Elsewhere in Syria, residents of rebel-held east Aleppo received a text message on Sunday saying they all had 24 hours to leave the city before a major attack begins—presumably with the recently arrived carrier group, led by the Admiral Kuznetsov, which was most recently geolocated not far from the Russian naval port at Tartus.

If you want to get dramatic about what’s onboard the Kuznetsov, this slightly garish graphic is just your thing.

There was another airstrike this morning reported on a hospital in the province of Aleppo, wounding “several members” of the staff, Reuters writes.

Don’t look now, but a former Tajik police commander once trained by the U.S. military has risen in the ISIS ranks, The New York Times reported. His name: Gulmurod Khalimov, and his “precise rank is unclear; he could be the group’s so-called minister of war, or military commander in chief. In any case, the State Department, which oversaw his training, thinks he is important enough that on Aug. 30, it offered a $3 million reward for information on his whereabouts… The State Department has been publicizing the reward in Tajikistan, where relatives or acquaintances might have salient information.” Story, here.  

In Iraq, ISIS is using more civilians as human shields, moving them house-to-house in Mosul to avoid death by airstrike, the Norwegian Refugee Council said this weekend. They provide a robust roll-up of the current humanitarian situation on Mosul’s outskirts, here.


From Defense One

Three days and a wakeup to the Defense One Summit. Now, more than ever, you’ll want to come hear USAF Chief of Staff Gen. David Goldfein, Army Secretary Eric Fanning, White House counterterrorism advisor Lisa Monaco, DARPA chief Arati Prabhakar, and many other national-security leaders. Washington D.C., Thurs., Nov. 17, in Washington, D.C Register here.

Unmanned Hueys Are Coming // Patrick Tucker: Remote-controlled helicopters for resupply enter new phase of development.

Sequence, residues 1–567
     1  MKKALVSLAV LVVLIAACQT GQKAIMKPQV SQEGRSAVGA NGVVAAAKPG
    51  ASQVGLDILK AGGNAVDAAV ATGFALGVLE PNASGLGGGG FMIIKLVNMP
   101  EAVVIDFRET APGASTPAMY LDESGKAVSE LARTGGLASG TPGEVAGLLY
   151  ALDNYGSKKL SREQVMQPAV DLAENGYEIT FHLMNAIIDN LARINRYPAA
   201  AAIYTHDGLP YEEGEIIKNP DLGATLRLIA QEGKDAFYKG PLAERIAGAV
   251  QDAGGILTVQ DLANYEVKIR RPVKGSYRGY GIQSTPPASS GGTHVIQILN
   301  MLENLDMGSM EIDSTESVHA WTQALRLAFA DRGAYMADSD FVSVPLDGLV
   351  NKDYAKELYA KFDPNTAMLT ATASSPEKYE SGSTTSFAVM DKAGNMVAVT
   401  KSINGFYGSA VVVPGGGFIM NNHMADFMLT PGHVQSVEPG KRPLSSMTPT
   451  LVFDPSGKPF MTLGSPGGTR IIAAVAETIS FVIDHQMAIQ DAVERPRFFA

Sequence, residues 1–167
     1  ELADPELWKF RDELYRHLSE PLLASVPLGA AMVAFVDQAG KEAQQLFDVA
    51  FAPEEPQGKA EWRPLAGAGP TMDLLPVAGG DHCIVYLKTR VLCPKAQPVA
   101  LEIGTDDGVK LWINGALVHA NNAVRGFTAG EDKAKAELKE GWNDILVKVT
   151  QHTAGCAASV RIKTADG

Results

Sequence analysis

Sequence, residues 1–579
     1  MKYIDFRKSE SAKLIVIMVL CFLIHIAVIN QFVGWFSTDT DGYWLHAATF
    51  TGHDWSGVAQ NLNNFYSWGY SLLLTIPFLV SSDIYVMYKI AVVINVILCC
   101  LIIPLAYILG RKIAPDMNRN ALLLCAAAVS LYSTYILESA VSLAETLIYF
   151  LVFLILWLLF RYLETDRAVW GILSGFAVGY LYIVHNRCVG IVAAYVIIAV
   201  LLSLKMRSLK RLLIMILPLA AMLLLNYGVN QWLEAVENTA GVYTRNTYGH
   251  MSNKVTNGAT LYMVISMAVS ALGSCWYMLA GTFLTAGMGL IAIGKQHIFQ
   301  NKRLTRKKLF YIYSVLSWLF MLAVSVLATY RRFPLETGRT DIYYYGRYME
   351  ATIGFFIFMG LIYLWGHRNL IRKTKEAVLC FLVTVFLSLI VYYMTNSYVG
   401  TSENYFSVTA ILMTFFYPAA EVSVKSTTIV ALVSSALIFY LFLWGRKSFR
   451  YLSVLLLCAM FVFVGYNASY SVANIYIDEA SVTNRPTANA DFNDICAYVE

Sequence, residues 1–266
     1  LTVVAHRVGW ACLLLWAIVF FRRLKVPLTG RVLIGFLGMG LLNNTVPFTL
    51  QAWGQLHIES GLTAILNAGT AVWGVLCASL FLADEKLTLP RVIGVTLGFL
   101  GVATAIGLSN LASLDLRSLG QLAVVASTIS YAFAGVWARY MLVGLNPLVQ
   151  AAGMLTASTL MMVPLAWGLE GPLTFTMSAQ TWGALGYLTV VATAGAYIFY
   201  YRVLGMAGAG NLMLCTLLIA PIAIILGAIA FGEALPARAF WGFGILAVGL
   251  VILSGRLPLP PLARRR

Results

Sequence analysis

Crises from Europe to the Asia-Pacific Await Donald Trump // The Atlantic’s Uri Friedman: The world has reacted to Trump’s victory. Soon Trump will have to react to the world.

The Pentagon’s New Background Check System Won’t Be Ready for Nearly Two More Years // Nextgov Joseph Marks: Though it could be completed as early as 18 months, the director of the new agency that manages the clearance process said Thursday.

Welcome to the Monday edition of The D Brief by Ben Watson and Bradley Peniston. On this day in 1910, Eugene Burton Ely piloted his Curtiss biplane from a makeshift flight deck on the USS Birmingham, the first shipboard takeoff. (Send your friends this link: http://get.defenseone.com/d-brief/. And let us know your news: the-d-brief@defenseone.com.


The next commander-in-chief, asked about ISIS on 60 Minutes last night:

Donald Trump: “We have some great generals. We have great generals.”

Lesley Stahl: “You said you knew more than the generals about ISIS.”

Trump: “Well, I’ll be honest with you, I probably do because look at the job they’ve done. OK, look at the job they’ve done. They haven’t done the job.”

Deadline watch: Candidate Trump said he’d require the Pentagon to give him a plan to swiftly defeat ISIS 30 days after taking office. That’s now less than 100 days away, Mother Jones notes.